and parents Alison Powell and Vinny Ennis at Buckingham Palace, London in November 2011.



This social shift in our perception of ourselves could have the longest-lasting legacy. For hundreds of years the United Kingdom of England, Scotland, Wales, and Northern Ireland has been a multinational, multidenominational state, but often hid its own diversity in foreign adventures and acquisitions. Loss of empire—and particularly the arrival of former subjects from Asia and Africa—threatened to fracture that identity. Now with figures like Mo Farah and Jessica Ennis, this postcolonial world seems more of a source of strength rather than guilt or weakness. This could also have a direct impact on constitutional politics, especially with the chief minister of Scotland, Alex Salmond, pushing for a referendum on independence for Scotland. Some of Team GB’s top medalists, such as the cyclist Sir Chris How and the tennis player Andy Murray, are Scottish, and they conspicuously draped themselves in the Union Jack when celebrating their wins. At a popular level, the Games were a powerful visual symbol of the benefits of a united team for those campaigning against the break-up of Great Britain.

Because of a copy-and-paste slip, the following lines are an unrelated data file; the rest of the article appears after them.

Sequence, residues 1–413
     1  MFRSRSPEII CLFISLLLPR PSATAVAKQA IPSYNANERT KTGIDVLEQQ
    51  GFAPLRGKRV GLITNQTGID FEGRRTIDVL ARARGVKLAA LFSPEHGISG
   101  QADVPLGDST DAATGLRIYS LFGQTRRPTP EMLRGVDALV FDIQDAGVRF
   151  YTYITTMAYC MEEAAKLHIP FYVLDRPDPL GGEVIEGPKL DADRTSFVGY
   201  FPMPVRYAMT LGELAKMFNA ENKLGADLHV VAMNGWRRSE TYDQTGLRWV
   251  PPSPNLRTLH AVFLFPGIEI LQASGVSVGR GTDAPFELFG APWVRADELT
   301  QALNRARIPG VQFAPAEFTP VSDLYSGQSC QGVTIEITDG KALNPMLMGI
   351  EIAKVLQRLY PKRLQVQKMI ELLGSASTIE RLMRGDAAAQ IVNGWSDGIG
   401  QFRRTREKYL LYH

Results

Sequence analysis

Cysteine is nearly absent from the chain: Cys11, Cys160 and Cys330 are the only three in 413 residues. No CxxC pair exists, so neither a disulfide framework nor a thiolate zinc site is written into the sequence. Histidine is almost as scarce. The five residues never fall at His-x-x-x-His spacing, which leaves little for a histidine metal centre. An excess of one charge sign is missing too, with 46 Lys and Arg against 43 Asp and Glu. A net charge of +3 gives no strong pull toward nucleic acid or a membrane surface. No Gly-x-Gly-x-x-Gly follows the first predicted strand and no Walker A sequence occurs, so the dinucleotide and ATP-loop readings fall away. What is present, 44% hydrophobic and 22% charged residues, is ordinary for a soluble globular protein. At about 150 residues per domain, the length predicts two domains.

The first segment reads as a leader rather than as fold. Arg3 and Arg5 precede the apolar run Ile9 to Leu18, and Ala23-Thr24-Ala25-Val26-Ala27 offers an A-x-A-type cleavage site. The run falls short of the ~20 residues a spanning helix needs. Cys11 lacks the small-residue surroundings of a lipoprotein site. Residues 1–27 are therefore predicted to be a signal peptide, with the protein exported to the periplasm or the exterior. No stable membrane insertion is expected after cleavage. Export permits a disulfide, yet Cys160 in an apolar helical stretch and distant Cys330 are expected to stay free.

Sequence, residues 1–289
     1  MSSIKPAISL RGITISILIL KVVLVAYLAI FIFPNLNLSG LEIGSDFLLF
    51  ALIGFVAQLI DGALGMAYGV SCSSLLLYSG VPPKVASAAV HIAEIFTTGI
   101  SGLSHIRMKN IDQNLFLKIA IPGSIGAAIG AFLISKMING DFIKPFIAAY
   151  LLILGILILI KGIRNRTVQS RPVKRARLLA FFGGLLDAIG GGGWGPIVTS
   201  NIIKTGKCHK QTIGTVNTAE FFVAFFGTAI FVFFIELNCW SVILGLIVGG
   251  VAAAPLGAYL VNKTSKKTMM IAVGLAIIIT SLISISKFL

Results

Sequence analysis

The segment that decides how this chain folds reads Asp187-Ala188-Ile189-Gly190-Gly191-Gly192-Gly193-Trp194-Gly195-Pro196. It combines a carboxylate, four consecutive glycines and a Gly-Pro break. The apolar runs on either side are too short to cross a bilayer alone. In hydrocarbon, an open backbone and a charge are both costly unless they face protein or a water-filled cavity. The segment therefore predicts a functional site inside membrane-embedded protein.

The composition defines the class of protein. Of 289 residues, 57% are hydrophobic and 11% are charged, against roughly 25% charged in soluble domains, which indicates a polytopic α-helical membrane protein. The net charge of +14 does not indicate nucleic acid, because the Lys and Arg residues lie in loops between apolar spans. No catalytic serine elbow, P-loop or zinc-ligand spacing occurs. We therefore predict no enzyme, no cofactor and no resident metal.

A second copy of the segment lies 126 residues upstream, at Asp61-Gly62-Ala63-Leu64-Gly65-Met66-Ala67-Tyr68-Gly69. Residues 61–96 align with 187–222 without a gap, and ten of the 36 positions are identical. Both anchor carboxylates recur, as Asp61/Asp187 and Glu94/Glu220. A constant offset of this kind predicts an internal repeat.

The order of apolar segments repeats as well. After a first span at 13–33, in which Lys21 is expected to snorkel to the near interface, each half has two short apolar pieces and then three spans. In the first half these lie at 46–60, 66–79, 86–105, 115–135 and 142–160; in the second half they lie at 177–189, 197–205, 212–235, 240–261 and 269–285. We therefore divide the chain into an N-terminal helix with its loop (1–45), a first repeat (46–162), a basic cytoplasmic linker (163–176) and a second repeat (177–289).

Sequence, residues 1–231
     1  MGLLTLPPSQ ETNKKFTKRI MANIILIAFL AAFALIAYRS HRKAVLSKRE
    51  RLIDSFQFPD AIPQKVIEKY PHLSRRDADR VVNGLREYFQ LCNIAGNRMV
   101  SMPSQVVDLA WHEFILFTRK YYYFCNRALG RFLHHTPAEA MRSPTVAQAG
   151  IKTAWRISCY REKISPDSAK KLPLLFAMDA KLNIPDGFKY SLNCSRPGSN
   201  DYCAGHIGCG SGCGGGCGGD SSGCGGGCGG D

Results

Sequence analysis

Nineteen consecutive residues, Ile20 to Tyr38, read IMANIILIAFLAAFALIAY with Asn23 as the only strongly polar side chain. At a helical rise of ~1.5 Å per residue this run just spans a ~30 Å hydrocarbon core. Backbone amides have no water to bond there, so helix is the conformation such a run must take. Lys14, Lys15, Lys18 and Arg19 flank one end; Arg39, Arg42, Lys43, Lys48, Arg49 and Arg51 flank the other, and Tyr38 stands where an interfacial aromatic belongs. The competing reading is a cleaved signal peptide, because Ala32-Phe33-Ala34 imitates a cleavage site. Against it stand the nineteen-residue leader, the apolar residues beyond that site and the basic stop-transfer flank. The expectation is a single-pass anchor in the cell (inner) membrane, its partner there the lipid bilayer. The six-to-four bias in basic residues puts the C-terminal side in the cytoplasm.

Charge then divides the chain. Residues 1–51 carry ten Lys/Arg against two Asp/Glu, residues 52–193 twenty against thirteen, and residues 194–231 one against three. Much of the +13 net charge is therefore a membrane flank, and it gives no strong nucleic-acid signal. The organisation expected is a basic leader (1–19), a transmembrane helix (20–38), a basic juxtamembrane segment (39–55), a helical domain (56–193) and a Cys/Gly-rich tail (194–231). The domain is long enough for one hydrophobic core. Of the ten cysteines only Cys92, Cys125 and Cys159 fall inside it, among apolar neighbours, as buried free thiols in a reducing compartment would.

On the other hand, the success of the Olympics could be arrogantly misused by English politicians. Already the lead writer of the best-selling tabloid, The Sun,  has argued that the success of London 2012 proves Britain should leave the European Union. Nothing about the greatest show on earth changes the underlying political and economic realities of the U.K. Today, we’re still back in a double-dip recession, with growing youth unemployment, income inequality, overreliance on a dysfunctional financial sector, and a shaky coalition government.